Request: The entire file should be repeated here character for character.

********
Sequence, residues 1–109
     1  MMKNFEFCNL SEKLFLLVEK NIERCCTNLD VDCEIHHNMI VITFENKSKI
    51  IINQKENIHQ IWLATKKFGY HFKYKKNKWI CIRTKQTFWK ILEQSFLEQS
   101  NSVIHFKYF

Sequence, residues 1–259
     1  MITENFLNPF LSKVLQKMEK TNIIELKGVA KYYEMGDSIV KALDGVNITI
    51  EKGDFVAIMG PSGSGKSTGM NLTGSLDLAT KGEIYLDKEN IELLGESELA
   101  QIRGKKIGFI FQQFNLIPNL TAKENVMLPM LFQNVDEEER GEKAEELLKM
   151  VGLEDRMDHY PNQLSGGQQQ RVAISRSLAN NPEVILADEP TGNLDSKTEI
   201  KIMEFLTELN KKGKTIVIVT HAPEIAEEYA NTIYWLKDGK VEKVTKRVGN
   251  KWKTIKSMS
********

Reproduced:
Sequence, residues 1–109
     1  MMKNFEFCNL SEKLFLLVEK NIERCCTNLD VDCEIHHNMI VITFENKSKI
    51  IINQKENIHQ IWLATKKFGY HFKYKKNKWI CIRTKQTFWK ILEQSFLEQS
   101  NSVIHFKYF

Sequence, residues 1–259
     1  MITENFLNPF LSKVLQKMEK TNIIELKGVA KYYEMGDSIV KALDGVNITI
    51  EKGDFVAIMG PSGSGKSTGM NLTGSLDLAT KGEIYLDKEN IELLGESELA
   101  QIRGKKIGFI FQQFNLIPNL TAKENVMLPM LFQNVDEEER GEKAEELLKM
   151  VGLEDRMDHY PNQLSGGQQQ RVAISRSLAN NPEVILADEP TGNLDSKTEI
   201  KIMEFLTELN KKGKTIVIVT HAPEIAEEYA NTIYWLKDGK VEKVTKRVGN
   251  KWKTIKSMS